While the A1 upper doesn't have a modern rail system, it still allows for the installation of optics and scopes: A center-drilled hole inside the carry handle acts as a singular mounting point for a basic scope mount or a modern Picatinny rail. This attachment system is popular among builders who want to replicate the  CAR-15 XM177, a short-barreled variant of the A1 rifle (introduced in 1966 for American Special Forces) dubbed the "Commando". The A2 upper was also the first receiver to be used on the M4 carbine, dubbed the XM4 in development, introduced in 1984.


The M16A2 represented an improvement over the A1's finicky Vietnam-era design. With it came an updated stripped upper receiver. Although the carry handle and general profile remained the same as the A1 rifle, the A2 upper once again changed the rear sight aperture with a more robust and distance-adjustable assembly. The horizontal finger wheel returned for windage adjustments, and the aperture could be raised or lowered with a side-mounted elevation knob to accommodate specific shooting distances, up to 800 yards.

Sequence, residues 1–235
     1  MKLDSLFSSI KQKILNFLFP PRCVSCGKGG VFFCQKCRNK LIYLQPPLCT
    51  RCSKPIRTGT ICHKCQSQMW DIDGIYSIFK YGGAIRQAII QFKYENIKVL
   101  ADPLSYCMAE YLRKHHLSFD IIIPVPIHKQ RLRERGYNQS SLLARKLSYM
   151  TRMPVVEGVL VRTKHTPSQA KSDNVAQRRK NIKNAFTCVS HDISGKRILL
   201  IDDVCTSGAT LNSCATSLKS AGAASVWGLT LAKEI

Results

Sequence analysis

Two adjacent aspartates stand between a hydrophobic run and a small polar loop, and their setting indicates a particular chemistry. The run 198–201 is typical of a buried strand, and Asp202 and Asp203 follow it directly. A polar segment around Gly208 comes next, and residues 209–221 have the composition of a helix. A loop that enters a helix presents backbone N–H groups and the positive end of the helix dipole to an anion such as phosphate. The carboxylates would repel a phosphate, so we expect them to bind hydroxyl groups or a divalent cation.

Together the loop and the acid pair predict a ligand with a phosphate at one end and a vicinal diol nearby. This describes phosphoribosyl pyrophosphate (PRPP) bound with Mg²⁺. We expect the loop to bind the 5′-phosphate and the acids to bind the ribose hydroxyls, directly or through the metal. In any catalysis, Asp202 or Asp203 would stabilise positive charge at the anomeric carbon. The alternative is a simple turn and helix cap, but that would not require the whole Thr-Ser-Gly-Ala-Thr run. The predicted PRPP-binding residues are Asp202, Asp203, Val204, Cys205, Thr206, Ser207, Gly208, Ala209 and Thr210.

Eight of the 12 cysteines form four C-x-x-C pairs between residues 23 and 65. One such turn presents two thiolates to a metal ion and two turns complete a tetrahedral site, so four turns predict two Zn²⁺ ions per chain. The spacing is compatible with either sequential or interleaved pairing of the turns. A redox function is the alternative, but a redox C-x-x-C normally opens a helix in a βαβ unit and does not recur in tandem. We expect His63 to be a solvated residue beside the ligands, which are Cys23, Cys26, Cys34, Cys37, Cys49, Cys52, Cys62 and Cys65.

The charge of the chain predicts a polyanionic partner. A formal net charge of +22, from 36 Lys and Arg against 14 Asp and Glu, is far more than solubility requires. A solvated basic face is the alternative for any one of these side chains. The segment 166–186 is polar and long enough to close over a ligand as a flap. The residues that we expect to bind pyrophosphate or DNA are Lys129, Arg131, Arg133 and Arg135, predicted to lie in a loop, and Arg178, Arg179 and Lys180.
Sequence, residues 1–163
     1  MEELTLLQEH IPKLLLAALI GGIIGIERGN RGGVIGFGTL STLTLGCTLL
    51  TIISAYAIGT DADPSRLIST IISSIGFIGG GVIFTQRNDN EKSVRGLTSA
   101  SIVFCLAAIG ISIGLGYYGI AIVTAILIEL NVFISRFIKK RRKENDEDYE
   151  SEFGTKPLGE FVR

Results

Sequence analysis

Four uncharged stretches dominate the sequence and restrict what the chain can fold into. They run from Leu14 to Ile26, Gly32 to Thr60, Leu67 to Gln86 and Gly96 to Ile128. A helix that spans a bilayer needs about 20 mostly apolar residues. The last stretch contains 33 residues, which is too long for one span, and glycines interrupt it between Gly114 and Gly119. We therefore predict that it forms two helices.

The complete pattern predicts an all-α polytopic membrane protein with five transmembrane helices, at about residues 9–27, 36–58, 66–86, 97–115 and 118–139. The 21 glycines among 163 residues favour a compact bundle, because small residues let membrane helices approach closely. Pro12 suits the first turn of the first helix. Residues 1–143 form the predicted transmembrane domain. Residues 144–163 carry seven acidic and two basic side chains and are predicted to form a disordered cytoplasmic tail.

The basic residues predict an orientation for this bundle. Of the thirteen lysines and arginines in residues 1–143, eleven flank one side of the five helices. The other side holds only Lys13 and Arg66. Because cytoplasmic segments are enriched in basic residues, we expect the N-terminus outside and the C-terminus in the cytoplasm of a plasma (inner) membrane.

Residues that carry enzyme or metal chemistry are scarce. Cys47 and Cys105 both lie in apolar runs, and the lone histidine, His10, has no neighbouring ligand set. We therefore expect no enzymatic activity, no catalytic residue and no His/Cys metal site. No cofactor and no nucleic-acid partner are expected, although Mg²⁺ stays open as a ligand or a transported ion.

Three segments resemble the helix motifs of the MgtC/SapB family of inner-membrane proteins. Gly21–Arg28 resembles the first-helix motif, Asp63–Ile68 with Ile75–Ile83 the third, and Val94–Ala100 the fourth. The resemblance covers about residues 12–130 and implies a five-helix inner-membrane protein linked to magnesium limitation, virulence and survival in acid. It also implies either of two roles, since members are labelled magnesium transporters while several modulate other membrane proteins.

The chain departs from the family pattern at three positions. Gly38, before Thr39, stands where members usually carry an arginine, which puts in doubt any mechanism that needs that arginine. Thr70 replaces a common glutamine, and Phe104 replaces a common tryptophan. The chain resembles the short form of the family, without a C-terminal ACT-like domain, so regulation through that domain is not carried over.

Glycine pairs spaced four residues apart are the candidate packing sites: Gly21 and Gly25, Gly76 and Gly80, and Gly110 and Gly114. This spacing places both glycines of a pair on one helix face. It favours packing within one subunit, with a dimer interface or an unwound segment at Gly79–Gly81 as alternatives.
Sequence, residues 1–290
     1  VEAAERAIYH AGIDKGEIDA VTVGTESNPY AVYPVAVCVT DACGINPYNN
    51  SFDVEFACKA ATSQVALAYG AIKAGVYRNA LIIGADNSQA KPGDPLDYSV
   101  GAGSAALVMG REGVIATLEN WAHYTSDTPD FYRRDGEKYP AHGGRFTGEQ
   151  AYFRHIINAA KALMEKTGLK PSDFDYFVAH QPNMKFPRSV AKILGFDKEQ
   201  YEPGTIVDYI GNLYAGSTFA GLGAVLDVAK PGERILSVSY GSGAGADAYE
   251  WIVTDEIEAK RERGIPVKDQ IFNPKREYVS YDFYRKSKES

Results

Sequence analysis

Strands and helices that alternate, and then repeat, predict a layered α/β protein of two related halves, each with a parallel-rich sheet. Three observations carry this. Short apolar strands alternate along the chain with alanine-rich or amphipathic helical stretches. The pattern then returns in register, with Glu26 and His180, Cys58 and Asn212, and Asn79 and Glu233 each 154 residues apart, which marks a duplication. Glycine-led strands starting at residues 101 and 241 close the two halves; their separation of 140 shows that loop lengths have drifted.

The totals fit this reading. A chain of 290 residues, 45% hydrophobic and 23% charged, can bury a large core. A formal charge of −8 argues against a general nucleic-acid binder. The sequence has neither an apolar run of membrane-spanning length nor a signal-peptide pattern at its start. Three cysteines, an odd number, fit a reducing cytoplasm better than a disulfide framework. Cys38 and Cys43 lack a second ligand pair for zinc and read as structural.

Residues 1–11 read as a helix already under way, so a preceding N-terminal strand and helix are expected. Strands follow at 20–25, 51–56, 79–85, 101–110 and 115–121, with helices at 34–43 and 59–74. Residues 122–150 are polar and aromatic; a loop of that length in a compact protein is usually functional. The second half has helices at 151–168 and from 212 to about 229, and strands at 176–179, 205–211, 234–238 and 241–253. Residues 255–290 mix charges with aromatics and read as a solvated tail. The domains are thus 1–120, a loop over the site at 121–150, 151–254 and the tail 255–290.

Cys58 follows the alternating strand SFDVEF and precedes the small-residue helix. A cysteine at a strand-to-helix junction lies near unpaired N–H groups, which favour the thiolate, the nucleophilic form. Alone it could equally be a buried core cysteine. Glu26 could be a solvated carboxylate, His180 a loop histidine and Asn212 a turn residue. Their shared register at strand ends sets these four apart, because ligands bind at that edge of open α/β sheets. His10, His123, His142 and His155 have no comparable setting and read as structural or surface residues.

A shell casing deflector was added just behind the ejection port to reduce interference and injury to the shooter from spent brass. The M16A3 is a modified version of the M16A2, produced in small numbers and primarily issued to members of the SEALs, Seabees, and security units. The trigger assembly was modified in the A3 to provide full-auto fire. All other components -- including the A2-style upper -- remained the same. 


  • Ejection port dust cover
  • Integrated carry handle
  • Rounded forward assist
  • New shell casing deflector behind dust cover
  • A2 rear sight with windage & elevation adjustments

What's Missing

  • Picatinny/M1913 rail

A4/M4 Upper Receiver